Saturday, January 17, 2009

Social Cost

One of the concepts that we need to understand is that of social cost, that is the cost of certain activities that is born not born by the person doing the activity, but by the public in general, particularly the public in the area where the activity take place. An example of this would be the cost of pollution, which is often not born by the polluter, but by those who live in the area, especially people who are most exposed to the pollution.

One way to discourage this is by shifting taxes from being based on what people earn, spend, or have, to being based on what we pollute. Sometimes these are called green taxes, Pigovian; an example would be a carbon tax.

A land tax is an example of a green tax. It discourages buying land only for speculative purposes, since those who don't use it by building on it, or employing people one it, would have to pay more tax that what they do now. That means that taxes could be lowered on those who do use the land by building and/or employing. Land tax is also green because it encourages frugal use of land, resulting in compact growth, which means that more trips are walkable, bike-able, or would require shorter driving or transit trips.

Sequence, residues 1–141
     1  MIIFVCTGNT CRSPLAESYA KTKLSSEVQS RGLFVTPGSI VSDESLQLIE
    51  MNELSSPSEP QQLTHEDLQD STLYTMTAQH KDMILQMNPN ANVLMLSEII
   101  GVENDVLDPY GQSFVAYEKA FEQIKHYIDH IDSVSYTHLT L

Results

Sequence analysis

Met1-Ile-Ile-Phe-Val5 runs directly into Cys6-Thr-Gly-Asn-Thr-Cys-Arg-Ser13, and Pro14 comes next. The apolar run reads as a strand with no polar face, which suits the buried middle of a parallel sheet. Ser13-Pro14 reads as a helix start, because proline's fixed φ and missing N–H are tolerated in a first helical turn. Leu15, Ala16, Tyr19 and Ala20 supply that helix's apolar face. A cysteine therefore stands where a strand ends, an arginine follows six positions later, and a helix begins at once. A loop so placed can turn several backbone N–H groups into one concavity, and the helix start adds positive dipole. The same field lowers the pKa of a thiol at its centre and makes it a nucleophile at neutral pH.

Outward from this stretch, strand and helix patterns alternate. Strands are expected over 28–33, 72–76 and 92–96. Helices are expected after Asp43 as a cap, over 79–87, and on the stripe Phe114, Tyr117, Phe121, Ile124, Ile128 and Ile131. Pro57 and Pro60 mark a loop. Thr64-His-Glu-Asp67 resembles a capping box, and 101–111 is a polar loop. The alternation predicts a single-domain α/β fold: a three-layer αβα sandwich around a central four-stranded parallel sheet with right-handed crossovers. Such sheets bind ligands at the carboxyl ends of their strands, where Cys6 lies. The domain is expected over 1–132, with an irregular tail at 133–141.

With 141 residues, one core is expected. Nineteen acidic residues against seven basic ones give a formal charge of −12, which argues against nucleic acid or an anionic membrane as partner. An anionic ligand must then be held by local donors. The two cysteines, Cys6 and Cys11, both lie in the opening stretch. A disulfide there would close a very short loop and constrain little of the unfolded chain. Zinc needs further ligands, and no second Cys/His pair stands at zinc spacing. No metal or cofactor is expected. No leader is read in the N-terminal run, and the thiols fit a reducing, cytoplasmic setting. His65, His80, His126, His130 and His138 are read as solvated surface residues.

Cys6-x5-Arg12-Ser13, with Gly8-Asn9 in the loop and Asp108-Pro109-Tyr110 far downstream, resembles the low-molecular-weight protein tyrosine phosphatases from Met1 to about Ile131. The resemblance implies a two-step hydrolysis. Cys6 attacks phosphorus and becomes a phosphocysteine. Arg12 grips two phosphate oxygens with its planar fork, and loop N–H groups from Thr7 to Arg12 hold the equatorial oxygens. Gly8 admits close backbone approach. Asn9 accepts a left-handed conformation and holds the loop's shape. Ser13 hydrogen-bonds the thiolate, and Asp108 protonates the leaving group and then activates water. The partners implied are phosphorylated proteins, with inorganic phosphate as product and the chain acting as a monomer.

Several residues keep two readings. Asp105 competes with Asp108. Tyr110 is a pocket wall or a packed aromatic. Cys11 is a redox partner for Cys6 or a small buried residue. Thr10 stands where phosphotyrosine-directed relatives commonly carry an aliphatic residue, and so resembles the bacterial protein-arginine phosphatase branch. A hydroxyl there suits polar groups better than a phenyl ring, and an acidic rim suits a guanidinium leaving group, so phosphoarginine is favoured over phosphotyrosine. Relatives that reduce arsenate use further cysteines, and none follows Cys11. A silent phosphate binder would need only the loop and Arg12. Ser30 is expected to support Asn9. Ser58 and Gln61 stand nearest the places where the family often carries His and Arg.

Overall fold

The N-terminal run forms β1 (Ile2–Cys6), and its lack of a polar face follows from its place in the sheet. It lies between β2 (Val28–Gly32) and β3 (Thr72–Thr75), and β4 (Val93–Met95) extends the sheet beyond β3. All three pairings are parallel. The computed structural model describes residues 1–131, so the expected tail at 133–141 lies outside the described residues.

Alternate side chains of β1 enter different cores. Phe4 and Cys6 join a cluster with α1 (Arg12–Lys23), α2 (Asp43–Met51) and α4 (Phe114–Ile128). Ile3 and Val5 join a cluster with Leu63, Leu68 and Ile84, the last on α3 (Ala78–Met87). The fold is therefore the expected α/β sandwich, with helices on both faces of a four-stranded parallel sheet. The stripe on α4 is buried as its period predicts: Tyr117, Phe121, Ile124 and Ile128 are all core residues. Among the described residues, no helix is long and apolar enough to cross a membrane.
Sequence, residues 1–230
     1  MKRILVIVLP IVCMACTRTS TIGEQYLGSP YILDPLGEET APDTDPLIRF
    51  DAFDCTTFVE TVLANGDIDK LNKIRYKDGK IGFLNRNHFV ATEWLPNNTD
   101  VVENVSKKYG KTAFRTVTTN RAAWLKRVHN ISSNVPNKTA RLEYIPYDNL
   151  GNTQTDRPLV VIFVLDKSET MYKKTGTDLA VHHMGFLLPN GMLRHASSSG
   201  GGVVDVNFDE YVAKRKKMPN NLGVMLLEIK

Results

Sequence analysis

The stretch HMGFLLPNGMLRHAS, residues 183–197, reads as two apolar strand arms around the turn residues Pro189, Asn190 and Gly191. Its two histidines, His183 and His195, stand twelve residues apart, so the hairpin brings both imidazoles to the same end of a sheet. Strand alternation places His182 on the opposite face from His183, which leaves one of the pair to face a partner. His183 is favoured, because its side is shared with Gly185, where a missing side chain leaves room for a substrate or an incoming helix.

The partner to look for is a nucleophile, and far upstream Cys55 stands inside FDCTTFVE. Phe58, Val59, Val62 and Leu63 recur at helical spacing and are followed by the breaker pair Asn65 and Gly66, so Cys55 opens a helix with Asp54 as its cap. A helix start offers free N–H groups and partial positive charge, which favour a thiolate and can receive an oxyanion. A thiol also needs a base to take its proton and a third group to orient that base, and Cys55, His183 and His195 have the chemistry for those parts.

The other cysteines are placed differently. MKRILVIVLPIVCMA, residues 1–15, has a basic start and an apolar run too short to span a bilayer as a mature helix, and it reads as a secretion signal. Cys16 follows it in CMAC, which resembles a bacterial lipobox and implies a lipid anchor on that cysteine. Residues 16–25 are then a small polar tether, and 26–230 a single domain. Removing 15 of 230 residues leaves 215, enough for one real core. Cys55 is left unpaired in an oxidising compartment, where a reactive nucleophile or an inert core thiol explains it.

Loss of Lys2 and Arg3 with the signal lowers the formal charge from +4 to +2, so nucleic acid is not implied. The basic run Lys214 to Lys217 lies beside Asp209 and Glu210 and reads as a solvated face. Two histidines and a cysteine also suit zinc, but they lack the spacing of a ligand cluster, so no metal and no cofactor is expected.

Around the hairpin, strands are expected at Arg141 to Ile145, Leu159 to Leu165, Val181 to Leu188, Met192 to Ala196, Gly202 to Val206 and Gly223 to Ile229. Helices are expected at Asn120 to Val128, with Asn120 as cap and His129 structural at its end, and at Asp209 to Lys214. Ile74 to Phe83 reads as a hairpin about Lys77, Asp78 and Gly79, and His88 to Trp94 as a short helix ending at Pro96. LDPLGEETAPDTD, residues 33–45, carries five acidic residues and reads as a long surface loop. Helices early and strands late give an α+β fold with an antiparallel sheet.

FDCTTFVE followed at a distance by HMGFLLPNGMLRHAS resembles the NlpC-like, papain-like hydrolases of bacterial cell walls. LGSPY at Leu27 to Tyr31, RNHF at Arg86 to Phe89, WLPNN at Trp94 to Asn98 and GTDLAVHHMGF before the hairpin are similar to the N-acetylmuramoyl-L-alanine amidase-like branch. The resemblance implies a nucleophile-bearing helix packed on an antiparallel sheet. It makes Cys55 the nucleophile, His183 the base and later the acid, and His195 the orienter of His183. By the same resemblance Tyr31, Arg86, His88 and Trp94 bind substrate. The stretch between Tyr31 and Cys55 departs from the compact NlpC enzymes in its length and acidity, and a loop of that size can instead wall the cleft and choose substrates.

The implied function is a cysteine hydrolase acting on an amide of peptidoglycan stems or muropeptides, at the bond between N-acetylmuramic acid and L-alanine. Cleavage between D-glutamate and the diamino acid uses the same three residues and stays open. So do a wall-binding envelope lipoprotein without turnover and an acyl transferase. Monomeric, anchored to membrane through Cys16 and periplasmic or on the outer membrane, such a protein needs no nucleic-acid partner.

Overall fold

Some other sites which advocate for Land Value Tax rather than Tax on Work are:

Saturday, January 10, 2009


Since we are somewhere in a recession, maybe the beginning, maybe the middle, maybe the end, it's important that we try to find out what is going wrong. Most people say it's the lack of regulation of the banking and financial markets that have allowed a few to profit at the expense of the many.

I believe that the problem is that we don't differentiate between the wealth that we've earned (the fruits of our work) and the wealth that God/Nature has given us as a society.

Some others have done a lot of work in this regard and you can find their efforts online at:

We know that if something is taxed, it will be reduced: if we tax beer, beer sales will go down. In the same way if we tax work, wages and employment will go down.

If we tax land, the amount of land does not go down, but the demand for it will go down, because only those who want to use it will buy it, land speculators will not want it. If that happens, the purchase price of land will go down, by the law of supply and demand. The purchase price goes down because speculators (those who believe they can profit from the ride up the bubble) don't bid up the price so high.
This makes housing more affordable.
Untaxing work means that workers' wages are higher and that employers are motivated to create more jobs.

(to be continued)